Youth baseball tastes like Gatorade after an at-bat. It smells like dirt, freshly raked. It looks like children in too-big helmets, bobbing heads atop skinny bodies, like waist-high astronauts with aluminum Easton bats in their hands.
But more than anything else, youth baseball is a collective sound of screams, from gruff coaches, from competitive mothers, from 6-year-old shortstops, like the ones crouched in anticipation at the East Lake Community Center.
Heyyyyyy batter, batter! ... Watch the ball! ... Hit the ball! ... Get the ball! ... Heyyyyyy batter, batter! ... Get ready! ... Get your hands right! ... Get your elbow up! Good job, baby!
Angela Putman stood next to the East Lake Dodgers bench Saturday morning. She and a couple other mothers waited by the 5- and 6-year-old players, plopped helmets on their heads and sent them to the plate when it was their turn.
In the fourth inning, with the Dodgers trailing the Avondale Royals 8-1, Putman sent her own son to the plate. Tennessee Putman, 5, has never hit in a game. He has never even played a sport before.
"Come on, Tennessee!" Angela Putman yelled.
She signed her son up for the Chattanooga RBI League after seeing it advertised at the East Lake Community Center, and teams played their first games of the season Saturday. The league is free for participants and designed to bring an expensive sport to families that otherwise wouldn't consider it.
Major League Baseball launched RBI -- "Reviving Baseball in the Inner Cities" -- in 1989. Here in Chattanooga, the Youth and Family Development Department has partnered with RBI for three years. MLB contributes money for hats and team T-shirts, a small amount of city funds covers the cost of umpires, and volunteers coach the players.
The regular season will run through mid-June. If a team is good enough, it will go to a regional competition, and then maybe the RBI World Series. In the last two years, local teams have flown to tournaments in St. Louis and Phoenix.
Participation has grown each year by word of mouth, said program coordinator Montrell Besley. Local officials expect more than 1,000 children to play from a dozen community centers this summer.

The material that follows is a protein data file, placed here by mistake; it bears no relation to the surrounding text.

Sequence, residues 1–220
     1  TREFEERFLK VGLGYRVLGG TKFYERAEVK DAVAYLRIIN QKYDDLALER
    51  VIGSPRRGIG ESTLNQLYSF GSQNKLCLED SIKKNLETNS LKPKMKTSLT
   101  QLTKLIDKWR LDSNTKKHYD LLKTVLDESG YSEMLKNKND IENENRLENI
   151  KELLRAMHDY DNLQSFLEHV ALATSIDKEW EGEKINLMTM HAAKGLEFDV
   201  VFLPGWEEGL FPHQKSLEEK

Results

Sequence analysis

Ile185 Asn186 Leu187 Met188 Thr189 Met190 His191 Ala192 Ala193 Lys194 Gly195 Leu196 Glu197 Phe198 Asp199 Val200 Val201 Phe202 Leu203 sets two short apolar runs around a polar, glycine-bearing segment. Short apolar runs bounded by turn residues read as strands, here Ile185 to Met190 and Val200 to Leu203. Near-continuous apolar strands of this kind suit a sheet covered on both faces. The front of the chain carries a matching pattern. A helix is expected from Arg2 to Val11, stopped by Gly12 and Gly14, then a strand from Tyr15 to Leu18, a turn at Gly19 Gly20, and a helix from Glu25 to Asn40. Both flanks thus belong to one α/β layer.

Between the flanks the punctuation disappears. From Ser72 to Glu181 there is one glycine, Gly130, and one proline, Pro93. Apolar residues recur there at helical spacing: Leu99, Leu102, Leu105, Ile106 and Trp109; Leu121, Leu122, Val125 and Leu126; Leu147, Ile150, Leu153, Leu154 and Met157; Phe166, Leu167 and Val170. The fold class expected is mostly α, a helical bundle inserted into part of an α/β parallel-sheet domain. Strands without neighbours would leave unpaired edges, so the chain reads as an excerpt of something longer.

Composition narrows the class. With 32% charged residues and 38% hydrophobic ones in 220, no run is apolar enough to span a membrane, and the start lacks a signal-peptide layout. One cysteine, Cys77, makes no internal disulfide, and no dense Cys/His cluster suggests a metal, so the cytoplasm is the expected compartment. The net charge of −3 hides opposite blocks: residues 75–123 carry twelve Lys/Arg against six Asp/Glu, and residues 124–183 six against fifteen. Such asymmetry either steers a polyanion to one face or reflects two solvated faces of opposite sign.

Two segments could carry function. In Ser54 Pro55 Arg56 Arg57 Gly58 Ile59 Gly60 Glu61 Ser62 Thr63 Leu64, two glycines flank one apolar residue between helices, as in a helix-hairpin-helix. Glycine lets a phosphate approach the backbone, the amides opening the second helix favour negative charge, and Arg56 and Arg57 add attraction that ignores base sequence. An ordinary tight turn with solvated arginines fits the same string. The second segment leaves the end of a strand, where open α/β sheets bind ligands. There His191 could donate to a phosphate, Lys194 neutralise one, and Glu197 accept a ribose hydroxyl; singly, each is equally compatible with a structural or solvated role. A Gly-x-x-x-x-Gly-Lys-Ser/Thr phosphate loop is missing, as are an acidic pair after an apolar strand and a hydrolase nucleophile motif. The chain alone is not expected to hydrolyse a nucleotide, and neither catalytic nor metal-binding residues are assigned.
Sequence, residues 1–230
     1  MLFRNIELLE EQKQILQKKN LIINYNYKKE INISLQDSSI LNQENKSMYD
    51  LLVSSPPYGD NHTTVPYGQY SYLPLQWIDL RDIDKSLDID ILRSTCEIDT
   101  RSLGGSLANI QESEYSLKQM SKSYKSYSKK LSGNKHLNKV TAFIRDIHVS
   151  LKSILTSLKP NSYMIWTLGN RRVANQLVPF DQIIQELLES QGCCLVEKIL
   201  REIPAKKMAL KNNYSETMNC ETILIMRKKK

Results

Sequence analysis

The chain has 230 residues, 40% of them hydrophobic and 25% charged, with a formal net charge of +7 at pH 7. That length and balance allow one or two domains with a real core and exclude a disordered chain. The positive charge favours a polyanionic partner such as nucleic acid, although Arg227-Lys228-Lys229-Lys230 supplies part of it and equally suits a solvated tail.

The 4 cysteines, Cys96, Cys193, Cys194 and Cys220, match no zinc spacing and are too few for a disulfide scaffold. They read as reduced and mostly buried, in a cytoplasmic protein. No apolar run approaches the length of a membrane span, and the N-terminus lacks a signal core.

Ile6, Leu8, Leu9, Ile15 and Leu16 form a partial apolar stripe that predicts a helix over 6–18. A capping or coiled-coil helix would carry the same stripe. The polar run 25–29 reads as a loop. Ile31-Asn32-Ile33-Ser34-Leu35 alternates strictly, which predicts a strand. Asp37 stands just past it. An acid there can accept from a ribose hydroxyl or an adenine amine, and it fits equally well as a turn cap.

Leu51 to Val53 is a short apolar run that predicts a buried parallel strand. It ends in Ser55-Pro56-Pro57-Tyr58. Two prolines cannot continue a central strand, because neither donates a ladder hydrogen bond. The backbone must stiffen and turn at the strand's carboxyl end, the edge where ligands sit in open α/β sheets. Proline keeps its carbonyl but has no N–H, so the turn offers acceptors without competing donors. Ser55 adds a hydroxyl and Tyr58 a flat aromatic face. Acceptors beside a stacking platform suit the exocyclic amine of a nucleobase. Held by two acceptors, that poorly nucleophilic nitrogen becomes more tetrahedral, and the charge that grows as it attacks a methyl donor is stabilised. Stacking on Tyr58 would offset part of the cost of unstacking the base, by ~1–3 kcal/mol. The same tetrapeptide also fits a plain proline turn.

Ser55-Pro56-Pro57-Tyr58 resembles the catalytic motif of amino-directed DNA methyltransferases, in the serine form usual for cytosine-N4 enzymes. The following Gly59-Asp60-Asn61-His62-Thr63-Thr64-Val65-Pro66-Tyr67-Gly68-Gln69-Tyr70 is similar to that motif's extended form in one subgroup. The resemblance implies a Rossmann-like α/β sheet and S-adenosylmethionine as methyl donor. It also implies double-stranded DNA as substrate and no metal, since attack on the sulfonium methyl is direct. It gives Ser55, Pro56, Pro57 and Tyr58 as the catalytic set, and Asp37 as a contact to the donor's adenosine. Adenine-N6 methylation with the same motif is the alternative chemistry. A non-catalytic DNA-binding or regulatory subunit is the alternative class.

Besley grew up in Alton Park, playing ball through the Boys & Girls Club. His 5-year-old, Sean, is playing this year with the Southside Phillies. Besley said the league isn't just about teaching children to play baseball; it's about surrounding them with mentors.
At 9:30 a.m. Saturday, as other teams lined up for the opening ceremonies, Derek Choice arrived with seven boys. They were late, he said later, because he had trouble coordinating transportation for his 7- and 8-year-old players.
Some parents drove, and Choice paid a taxi driver to bring the rest.
Choice, a school patrol officer at Brown Academy, will coach any sport. He has coached youth basketball teams. He has coached high school football. If his son wants to play soccer, Choice said, he'll be there, whistle dangling below his neck.
Sports are important, he said. Sports keep kids busy. Choice fears that even the 8-year-old players might otherwise get recruited "to do some stuff they shouldn't be doing."
Not everyone feels the same. Many of Choice's players have quit.
"Some parents don't have time," he said. "Some parents don't make their kids play. Some parents just don't care."
Angela Putman isn't one of them. She bought Tennessee a bat and a glove after registering him to play. When she gets home from her job as a telemarketer with Convergys, she pitches to her son, who will start kindergarten in the fall.
On Saturday morning, he whiffed on the first two swings of his career.
"He knows how to stand," his mom said. "It's just ... his first year. That's it."
With two strikes, Tennessee swung again. This time, he connected. The ball rolled about 10 feet toward third base.
"Run, Tennessee!" Putman yelled, over and over.
Tennessee was safe at first, but he would not reach second. The next batter also hit a ground ball that stayed in the infield, and Tennessee was out at second. Some parents cheered for their own children, and coaches yelled about staying focused.
On the bench, Putman told her boy to run faster, to try harder.
Contact Tyler Jett at firstname.lastname@example.org or 423-757-6476.